The Best Science Fiction and Fantasy of the Year Volume One

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The Best Science Fiction and Fantasy of the Year Volume One edited by Jonathan Strahan

My first and foremost complaint — and this is really a quibble more than anything else — is that the title doesn't tell you what year this anthology belongs to. Which isn't really a problem if you bought it recently but in case you find in the bookstore bin several years down the line, it's nice to know what era this collection represents (in case you don't know the answer, the book was printed in 2007). With that out of the way, The Best Science Fiction and Fantasy of the Year Volume One is a good collection that draws from both the fantasy and science fiction genres, and I'm really looking forward to the sequel.

Personally, however, because I read a large number of anthologies in 2007, I’ve seen many of these stories before because they’ve been reprinted in numerous ... Read More

The Best Science Fiction and Fantasy of the Year Volume Two

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The Best Science Fiction and Fantasy of the Year Volume Two edited by Jonathan Strahan

The Year's Best Science Fiction and Fantasy of the Year Volume Two is one of several anthologies that collects the best science fiction and fantasy of 2007. I've read many of the stories included, yet revisiting them actually made me appreciate them more rather than feel exhausted. One thing I noticed is that there's a stronger science fiction balance in this anthology compared to the previous volume, although that might also be because the lines between science fiction and fantasy easily get blurry.

The opening piece, Ted Chiang's "The Merchant and The Alchemist's Gate," is a good example. This is easily my favorite story and arguably Chiang's most accessible piece. The physics of time travel is narrated with an ... Read More

The New Space Opera 2: All-New Tales of Science Fiction Adventure

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The New Space Opera 2: All-New Tales of Science Fiction Adventure edited by Gardner Dozois & Jonathan Strahan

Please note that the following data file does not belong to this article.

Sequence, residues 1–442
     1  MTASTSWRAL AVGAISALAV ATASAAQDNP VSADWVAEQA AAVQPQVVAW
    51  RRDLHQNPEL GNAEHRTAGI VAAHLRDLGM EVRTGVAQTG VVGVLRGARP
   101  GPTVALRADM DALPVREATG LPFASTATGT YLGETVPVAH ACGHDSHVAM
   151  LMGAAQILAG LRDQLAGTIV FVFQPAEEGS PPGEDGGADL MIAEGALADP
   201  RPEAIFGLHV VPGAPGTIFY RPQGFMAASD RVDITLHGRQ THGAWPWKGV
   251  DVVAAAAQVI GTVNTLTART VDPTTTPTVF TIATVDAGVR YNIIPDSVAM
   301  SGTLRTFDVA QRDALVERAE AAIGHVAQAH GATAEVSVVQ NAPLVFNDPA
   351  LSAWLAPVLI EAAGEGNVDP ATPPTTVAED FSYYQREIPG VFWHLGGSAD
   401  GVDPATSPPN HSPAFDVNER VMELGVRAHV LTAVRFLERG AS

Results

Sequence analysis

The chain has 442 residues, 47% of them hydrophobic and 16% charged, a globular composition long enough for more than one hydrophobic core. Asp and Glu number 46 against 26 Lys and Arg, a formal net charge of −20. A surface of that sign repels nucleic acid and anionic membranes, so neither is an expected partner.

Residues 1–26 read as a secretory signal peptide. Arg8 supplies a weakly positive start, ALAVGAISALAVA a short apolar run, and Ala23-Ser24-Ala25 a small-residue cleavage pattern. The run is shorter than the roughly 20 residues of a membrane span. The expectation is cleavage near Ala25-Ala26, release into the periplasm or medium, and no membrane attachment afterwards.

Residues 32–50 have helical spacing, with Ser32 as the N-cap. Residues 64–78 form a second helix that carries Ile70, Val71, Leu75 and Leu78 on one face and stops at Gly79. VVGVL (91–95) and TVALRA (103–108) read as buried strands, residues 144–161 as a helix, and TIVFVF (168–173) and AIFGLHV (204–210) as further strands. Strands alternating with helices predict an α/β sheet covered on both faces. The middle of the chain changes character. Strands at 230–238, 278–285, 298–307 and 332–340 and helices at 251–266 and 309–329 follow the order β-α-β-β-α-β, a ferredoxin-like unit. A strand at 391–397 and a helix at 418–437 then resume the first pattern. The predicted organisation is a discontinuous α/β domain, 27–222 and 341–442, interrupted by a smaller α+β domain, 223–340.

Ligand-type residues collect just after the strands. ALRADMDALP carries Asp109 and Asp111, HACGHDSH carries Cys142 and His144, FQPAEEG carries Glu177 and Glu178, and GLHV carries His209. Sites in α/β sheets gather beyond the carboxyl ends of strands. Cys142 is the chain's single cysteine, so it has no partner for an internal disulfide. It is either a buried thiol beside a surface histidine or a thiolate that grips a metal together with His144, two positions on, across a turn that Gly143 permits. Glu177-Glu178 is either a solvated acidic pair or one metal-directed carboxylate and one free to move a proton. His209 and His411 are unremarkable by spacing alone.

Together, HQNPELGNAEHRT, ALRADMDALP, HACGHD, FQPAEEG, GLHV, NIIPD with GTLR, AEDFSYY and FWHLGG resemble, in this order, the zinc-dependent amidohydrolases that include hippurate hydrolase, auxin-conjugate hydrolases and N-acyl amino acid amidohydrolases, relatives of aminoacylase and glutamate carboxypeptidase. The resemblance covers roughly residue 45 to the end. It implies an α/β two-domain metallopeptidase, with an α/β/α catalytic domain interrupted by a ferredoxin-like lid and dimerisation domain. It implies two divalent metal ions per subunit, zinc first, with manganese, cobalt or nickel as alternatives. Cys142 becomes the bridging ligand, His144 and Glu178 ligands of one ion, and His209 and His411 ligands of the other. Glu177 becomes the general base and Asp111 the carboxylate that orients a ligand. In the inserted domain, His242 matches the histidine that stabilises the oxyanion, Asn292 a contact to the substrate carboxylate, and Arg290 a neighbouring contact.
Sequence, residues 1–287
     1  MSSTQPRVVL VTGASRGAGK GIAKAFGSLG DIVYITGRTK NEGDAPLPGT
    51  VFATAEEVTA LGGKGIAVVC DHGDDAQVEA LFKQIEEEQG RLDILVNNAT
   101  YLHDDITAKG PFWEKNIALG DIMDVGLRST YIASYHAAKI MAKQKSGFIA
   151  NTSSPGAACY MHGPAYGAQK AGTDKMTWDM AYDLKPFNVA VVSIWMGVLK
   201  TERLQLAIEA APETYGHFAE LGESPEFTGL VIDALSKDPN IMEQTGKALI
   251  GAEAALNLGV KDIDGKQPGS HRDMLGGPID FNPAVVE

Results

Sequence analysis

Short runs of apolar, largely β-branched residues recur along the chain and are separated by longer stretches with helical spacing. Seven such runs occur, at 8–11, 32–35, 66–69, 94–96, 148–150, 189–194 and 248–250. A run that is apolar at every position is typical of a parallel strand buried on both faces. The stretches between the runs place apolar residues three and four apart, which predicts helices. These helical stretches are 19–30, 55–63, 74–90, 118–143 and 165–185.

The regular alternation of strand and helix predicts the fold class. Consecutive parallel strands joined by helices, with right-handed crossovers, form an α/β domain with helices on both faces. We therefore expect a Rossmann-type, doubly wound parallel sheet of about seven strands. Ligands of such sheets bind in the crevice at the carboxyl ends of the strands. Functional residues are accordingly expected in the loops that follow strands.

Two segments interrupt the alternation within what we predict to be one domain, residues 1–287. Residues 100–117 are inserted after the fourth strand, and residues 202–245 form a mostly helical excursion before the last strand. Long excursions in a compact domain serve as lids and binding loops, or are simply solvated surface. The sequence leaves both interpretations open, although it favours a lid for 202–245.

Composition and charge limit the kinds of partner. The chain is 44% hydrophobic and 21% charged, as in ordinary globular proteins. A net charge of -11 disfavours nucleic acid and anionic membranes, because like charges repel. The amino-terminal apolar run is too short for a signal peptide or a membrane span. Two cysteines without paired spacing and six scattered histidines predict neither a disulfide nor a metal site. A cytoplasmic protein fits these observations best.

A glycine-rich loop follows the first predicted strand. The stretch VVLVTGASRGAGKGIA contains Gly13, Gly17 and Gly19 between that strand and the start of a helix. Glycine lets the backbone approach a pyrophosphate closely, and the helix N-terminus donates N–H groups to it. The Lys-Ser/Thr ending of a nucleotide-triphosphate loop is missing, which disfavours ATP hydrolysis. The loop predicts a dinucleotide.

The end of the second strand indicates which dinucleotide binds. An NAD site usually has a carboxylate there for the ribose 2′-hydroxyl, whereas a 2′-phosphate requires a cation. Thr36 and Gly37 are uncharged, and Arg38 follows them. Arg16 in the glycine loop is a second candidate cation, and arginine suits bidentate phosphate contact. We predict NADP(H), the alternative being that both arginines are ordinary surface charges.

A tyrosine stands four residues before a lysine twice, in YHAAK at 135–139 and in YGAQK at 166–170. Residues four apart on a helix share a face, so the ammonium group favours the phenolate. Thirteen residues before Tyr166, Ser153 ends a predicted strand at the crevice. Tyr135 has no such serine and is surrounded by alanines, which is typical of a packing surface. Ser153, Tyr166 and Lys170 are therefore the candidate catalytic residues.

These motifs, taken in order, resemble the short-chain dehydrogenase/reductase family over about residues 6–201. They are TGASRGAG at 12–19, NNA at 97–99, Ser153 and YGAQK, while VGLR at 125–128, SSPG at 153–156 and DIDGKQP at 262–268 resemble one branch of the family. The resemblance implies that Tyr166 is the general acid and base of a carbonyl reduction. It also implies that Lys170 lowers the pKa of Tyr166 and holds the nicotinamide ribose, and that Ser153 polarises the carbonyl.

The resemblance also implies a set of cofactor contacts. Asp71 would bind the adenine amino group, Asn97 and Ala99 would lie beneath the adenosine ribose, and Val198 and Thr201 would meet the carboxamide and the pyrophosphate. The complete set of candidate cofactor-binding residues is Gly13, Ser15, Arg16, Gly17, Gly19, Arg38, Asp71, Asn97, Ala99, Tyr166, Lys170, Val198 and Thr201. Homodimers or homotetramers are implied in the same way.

The New Space Opera 2: All-New Tales of Science Fiction Adventure is, as its name implies, the second of Gardner Dozois and Jonathan Strahan’s themed anthologies attempting to put a modern spin on space opera, a subgenre of science fiction which causes many of us to think of big metal spaceships crewed by handsome blaster-wielding men who protect us from evil aliens that want to destroy the Earth, or at least steal it’s shrieking scantily clad women. We laugh at these old stories now — the way they ignore the vacuum of space and the effects of relativity, the way their aliens seem a lot less alien than they should, and the way that... Read More

Swords & Dark Magic: The New Sword & Sorcery

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Swords & Dark Magic: The New Sword & Sorcery edited by Jonathan Strahan & Lou Anders

Swords & Dark Magic: The New Sword & Sorcery is a book I’ve been eagerly anticipating ever since it was first announced in 2009. I was particularly excited about the anthology’s impressive list of contributors which includes several authors I enjoy reading like Glen Cook, Greg Keyes, Scott Lynch, Joe Abercrombie, Garth Nix, Tim Lebbon, Read More

Wings of Fire: I thought I didn’t like dragons

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Wings of Fire edited by Jonathan Strahan & Marianne S. Jablon

I don't like dragons.

This is probably not the first sentence you'd expect to find in a review of Wings of Fire, an anthology devoted exclusively to dragon stories, but I thought it best to get it out of the way right from the start.

There's nothing inherently wrong with dragons. They're just terribly overused, one of those tired genre mainstays that people who typically don't read a lot of fantasy will expect in a fantasy novel because they were practically unavoidable for a long time. To this day, I confess to having to suppress a mental groan whenever I encounter them.

For a long time, I actively avoided reading any fantasy novel with the word dragon in the title. Granted, I made several exceptions to this rule in the past, most notably The King's Drago... Read More